Kerry DeGaetani Pelvic Floor

The Pelvic Floor

Despite the pelvic floor being SO vital to our functioning as human beings, it continues to be a taboo topic of conversation. In this post, I hope to shed some light on the importance of understanding and taking care of our pelvic floor.


What is the Pelvic Floor?

The anatomy of the pelvic floor, regardless of one’s sex, is more similar than it is different. Both the female and male pelvic floor have a urethra and rectum, the female pelvic floor also has an additional opening called the vagina. Another key difference is that the female pelvis is wider than the male pelvis. Other than that, anatomically, the female and male pelvic floor look and function in very similar ways.

The pelvic floor can most simply be defined as a group of muscles (12 to be exact) layered on top of one another that help our bodies:


  • Pee and poop (and have control over when that happens)
  • Experience sexual arousal & orgasm
  • Have babies
  • Stabilize / support our internal organs and the spine

The pelvic floor muscles are layered from superficial to deep, with the deepest layers being the largest and most powerful. The deep muscles of the pelvic floor can also give us the most problems if they are not functioning correctly! Just like any other muscle in your body, the pelvic floor muscles can become strained or injured. Thus, we enter in, pelvic floor muscle dysfunction. The pelvic floor has a difficult balancing act to play between providing mobility and stability to the pelvis. If the pelvis is too mobile, incontinence and pelvic organ prolapse can occur. If the pelvis is too stable or tight, pelvic pain or neuralgia can occur.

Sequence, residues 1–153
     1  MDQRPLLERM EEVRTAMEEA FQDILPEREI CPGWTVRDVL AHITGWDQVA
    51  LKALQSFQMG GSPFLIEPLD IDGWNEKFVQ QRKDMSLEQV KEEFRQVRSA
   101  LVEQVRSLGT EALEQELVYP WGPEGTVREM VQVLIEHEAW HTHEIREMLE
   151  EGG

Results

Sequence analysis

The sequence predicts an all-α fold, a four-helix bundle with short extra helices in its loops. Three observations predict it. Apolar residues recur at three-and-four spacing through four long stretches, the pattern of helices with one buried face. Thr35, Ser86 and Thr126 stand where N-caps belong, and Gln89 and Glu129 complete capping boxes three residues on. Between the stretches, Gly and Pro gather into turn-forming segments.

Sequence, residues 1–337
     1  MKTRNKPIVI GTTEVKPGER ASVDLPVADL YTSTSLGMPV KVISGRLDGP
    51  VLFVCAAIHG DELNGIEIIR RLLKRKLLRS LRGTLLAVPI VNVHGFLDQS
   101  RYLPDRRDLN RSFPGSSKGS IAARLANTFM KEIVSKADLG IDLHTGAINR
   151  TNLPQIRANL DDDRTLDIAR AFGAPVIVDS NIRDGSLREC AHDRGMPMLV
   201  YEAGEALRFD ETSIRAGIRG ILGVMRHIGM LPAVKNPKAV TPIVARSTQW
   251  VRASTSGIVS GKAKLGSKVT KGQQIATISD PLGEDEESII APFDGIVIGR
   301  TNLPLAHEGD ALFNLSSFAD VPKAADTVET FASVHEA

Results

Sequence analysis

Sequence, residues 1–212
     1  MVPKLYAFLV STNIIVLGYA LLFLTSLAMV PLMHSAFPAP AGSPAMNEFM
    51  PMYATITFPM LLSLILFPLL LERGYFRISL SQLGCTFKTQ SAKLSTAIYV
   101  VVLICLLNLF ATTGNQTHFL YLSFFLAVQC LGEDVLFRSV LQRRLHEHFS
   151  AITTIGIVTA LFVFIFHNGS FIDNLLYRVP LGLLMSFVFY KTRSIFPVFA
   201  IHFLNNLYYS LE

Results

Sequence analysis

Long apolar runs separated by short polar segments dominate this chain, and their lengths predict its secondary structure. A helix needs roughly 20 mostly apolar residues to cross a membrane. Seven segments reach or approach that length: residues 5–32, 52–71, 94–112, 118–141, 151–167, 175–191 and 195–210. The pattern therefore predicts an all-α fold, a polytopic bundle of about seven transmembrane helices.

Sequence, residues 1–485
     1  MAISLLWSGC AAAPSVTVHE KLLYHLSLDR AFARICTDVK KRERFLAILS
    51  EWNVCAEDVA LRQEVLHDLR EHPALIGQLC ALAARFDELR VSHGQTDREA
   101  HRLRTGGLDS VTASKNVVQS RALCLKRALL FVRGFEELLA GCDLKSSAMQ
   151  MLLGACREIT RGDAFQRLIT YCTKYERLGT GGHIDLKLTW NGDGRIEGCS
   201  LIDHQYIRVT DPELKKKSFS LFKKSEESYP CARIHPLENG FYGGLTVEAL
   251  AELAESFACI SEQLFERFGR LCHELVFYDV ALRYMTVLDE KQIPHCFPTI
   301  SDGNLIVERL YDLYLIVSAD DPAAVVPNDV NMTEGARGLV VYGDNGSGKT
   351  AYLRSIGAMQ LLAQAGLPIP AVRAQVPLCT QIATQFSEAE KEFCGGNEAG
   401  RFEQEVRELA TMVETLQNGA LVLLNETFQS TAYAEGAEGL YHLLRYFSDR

Pelvic Floor Mobility  and Stability

Incontinence occurs when the body has lost control of bladder functioning causing leaking. This can occur due to pressure like a cough or sneeze. This is called stress incontinence. Loss of control of the bladder can also occur when the need to go outweighs the body’s ability to hold the bladder. This “gotta go, gotta go” feeling causing leaking is called urge incontinence. Incontinence can occur in both females and males. Pelvic organ prolapse occurs most notably in the female pelvic floor when the pelvic organs (bladder, uterus, or rectum) herniate through the vagina. This downward movement of the organs can cause pain, fullness, heaviness that can affect the body’s ability to move and function. 


Pelvic pain can range from superficial burning to deeper, sharper discomfort that can affect intimacy, penetrative sexual intercourse, and functioning of sexual organs that allow for pleasure in both females and males. Neuralgia is a type of pain that is driven by nerves in the lower spine and pelvis that can become irritated due to compression, adhesion, or stretching. This can cause superficial to deep pain in various places around the pelvis and can also affect sexual functioning and pleasure.


Pelvic Floor Physical Therapy

Physical Therapy can be a game changer when it comes to pelvic floor muscle dysfunction. Through physical therapy, our goal is to identify if the pelvic floor muscles are too mobile or too stable, and how that influences bowel and bladder function, sexual health, and pelvic pain. This is done through a combination of manual therapy, therapeutic exercise, biofeedback, education, and functional re-training. So, if you have questions or concerns about the pelvic floor….or peeing, pooping, painful sex, let’s talk about it!


Written by Kerry DeGaetani, PT, DPT, SCS. Kerry has a Certificate of Achievement in Obstetrics Physical Therapy and is the proud mama of two, spirited kiddos, ages 3 and 1 😊

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